Wednesday, June 19, 2013

Why Don't You Visit More Often?

Utter nonsense from the New York Times today:
You might call North Dakota the antithesis of President Obama’s political base.
Whites make up 90 percent of its population, which is fewer than one million people and mostly in rural areas. Its proportion of people 65 and over exceeds the national average. There was never a chance that North Dakota would give Mr. Obama its three electoral votes.
So Mr. Obama has not given North Dakota his time. It is one of six states he has not visited as president, along with South Dakota, Arkansas, Idaho, South Carolina and Utah. He has gone just once to Kansas, Kentucky, Mississippi, Montana, Nebraska, Tennessee and Wyoming. 
Mr. Obama’s near-complete absence from more than 25 percent of the states, from which he is politically estranged, is no surprise, in that it reflects routine cost-benefit calculations of the modern presidency. But in a country splintered by partisanship and race, it may also have consequences. 
America’s 21st-century politics, as underscored by the immigration debate now embroiling Congress, increasingly pits the preferences of a dwindling, Republican-leaning white majority against those of expanding, Democratic-leaning Hispanic and black minorities. Even some sympathetic observers fault Mr. Obama for not doing all he could to pull disparate elements of society closer. 
“Every president should make an attempt to bridge the divide,” said Donna Brazile, an African-American Democratic strategist. “It’s a tall order. I wouldn’t give him high marks.”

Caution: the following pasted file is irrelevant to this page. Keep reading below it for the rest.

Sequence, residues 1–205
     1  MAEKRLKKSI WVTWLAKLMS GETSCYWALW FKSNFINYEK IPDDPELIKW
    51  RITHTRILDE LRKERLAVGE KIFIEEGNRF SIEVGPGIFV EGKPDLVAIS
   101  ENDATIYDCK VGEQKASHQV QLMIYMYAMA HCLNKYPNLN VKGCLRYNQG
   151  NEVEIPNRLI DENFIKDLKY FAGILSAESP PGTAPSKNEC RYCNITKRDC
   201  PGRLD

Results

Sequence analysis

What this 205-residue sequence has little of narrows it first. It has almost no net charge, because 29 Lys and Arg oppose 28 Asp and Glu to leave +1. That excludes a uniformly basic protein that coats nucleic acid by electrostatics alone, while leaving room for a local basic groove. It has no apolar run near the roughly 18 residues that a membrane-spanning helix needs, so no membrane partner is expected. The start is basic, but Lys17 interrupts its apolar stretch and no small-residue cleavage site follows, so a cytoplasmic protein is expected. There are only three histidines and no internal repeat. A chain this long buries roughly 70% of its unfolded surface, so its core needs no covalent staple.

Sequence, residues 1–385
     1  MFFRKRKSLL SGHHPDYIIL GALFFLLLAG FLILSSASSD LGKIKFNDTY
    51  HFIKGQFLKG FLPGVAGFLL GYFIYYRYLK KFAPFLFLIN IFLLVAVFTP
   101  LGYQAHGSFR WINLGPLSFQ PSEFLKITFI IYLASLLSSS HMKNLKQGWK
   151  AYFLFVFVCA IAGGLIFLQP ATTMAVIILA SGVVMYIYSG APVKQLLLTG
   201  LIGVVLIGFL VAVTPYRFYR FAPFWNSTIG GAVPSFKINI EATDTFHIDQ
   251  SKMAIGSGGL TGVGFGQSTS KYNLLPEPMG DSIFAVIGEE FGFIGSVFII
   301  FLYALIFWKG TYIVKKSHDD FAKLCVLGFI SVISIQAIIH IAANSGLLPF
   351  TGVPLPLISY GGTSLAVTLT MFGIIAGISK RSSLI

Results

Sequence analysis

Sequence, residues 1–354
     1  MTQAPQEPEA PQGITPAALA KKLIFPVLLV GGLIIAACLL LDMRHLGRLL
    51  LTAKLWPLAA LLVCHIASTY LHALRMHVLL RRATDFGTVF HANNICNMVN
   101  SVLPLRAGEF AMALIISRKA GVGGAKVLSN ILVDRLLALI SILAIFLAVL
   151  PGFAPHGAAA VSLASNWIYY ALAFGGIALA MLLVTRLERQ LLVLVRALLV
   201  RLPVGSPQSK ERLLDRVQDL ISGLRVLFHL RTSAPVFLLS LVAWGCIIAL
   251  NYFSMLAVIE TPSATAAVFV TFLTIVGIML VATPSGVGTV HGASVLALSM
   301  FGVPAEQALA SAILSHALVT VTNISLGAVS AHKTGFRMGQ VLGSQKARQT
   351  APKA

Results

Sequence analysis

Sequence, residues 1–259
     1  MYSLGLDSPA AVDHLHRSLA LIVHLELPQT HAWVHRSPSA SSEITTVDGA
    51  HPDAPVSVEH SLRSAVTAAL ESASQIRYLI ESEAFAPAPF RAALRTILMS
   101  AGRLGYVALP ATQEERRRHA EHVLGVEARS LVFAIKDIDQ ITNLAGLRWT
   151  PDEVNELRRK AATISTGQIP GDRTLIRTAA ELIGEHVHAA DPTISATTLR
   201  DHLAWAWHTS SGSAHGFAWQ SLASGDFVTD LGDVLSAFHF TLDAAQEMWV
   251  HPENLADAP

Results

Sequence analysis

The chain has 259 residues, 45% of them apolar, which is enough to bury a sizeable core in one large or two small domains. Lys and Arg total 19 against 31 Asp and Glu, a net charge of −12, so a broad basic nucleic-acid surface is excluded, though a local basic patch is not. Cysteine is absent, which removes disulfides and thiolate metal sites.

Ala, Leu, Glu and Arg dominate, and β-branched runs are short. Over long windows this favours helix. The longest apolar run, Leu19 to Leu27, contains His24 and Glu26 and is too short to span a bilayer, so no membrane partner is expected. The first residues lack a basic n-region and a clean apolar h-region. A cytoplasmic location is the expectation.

Donna Brazile is in the tank for the anti-Obama establishment. Her support for Republicans was bought off when President Bush did something nice for New Orleans; her criticisms really don't mean anything but she is a reliable go-to voice for anti-Democratic quotes and things of that nature. Would anyone consider hiring her again? Probably not.

The funny thing about this article is that you can find some pretty clear evidence that the Bush Administration ignored North Dakota as well and took it for granted. Bush visited the state in 2001 and in 2005, and famously had people barred from coming to see him speak; Mrs. Bush didn't visit the state until October, 2008. For a state that represented the natural base of the Bush Administration, you can count barely three visits by the President and the First Lady. Talk about ignoring someone.

The disparate elements of society do not need to be pulled together when they have made the conscious decision to abandon discourse and political interaction. States like North Dakota are responsible for some of the most anti-women legislation in the country. Women are second-class citizens, thanks to the people in the Republican Party who are hell-bent on banning abortion at all costs. We are ruled by obstructionists who hate government. Why is it so difficult to understand the reluctance of President Obama to spend any time worrying about people who vote against their own self-interest on a semi-annual basis?

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